HIM professionals need to strive for continuous integration
within the respective healthcare teams at their facilities and
must take a proactive stance towards interprofessional education. HIM practitioners can apply the A-I-C model toward this
goal (see Figure 2 on page 21).
Awareness of interprofessional education opportunities for
HIM roles is the first step and an ongoing activity. HIM professionals should strive to create awareness among other healthcare professionals of their respective roles so that the HIM
department is not sidelined. Interprofessional education is especially applicable in raising awareness of HIM among other
healthcare professions, and the education should take place at
the staff-, management-, and upper management-level.
Integration with existing interprofessional education activities is the second step. HIM professionals should engage with
existing patient care teams and in staff training events and other
interprofessional activities. HIM must be proactive to represent
the HIM discipline on patient care teams and in staff training
events to enable and improve the information driving clinical
and business decisions.
Creation of interprofessional education activities becomes an
appropriate third step, if interprofessional education has not yet
begun at a healthcare organization. For example, the EHR has
become a common tool spanning almost all clinical and administrative roles in healthcare. HIM professionals should have expertise with their local EHR system; they can use this expertise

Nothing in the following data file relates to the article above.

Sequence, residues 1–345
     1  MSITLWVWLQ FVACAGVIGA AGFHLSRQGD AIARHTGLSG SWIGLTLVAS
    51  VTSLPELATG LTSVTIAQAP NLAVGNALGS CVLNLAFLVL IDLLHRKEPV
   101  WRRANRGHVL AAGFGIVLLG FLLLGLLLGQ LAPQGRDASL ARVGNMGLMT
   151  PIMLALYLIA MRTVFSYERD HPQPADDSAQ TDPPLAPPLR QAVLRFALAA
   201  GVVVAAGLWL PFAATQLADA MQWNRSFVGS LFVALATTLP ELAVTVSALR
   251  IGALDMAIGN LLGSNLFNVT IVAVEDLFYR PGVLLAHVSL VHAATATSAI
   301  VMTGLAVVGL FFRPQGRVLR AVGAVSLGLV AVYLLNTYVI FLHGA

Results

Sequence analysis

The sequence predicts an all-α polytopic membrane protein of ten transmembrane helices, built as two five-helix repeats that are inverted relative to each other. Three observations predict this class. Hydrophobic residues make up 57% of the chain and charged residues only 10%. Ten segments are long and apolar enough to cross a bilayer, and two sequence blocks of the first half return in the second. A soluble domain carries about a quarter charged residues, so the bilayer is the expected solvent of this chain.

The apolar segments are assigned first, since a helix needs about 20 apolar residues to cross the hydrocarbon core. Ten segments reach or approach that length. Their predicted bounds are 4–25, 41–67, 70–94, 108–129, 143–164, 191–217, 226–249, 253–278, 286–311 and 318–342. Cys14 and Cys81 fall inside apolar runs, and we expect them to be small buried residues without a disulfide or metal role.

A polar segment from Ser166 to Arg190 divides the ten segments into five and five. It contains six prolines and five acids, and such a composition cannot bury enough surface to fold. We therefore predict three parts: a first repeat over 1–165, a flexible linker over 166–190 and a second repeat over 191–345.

to engage other professionals and departments as a resource on
EHR use. One opportunity to create interprofessional education
activities is to host a lunchtime training session covering appropriate topics of the organization’s EHR.
Another opportunity is to proactively publish data quality im-
provement reports about the EHR and new features available in
the system. HIM could publish a newsletter or create an inter-
nal company webpage to highlight research recently conducted
on local EHR data. HIM could also conduct regular webinars to
highlight the importance of information governance and its re-
lationship to patient and business outcomes of the healthcare
organization. These activities can accomplish the interprofes-
sional education objective while also demonstrating HIM capa-
bilities of data analytics and information governance. Engaging
with patients and families during a healthcare encounter—not
only before and after—also reinforces HIM’s role on the patient
Recommendations for HIM Educators
HIM educators can apply the A-I-C model toward interprofessional education initiatives as shown in Figure 3 above. While
all phases of the A-I-C model may be applied at all HIM educational levels, there are practical constraints related to the maximum number of program hours and required content for accreditation. It may be most appropriate for associate-level HIM
programs to focus on awareness, while baccalaureate programs
strive to achieve awareness and integration with interprofessional education activities. Master’s degree programs may have
the most flexibility to create new interprofessional education
activities. All levels of activity are dependent upon availability of
other academic disciplines and cooperating faculty.
HIM professionals should seek out and be aware of any
existing interprofessional education activities in their academic institution. Awareness is the first step and has no cost.
Educators should also integrate HIM into existing activities—leveraging existing opportunities may have little cost or
Figure 3: Awareness, Integration, Creation (A-I-C) Model for HIM Educators
Relevance of Interprofessional
Education for HIM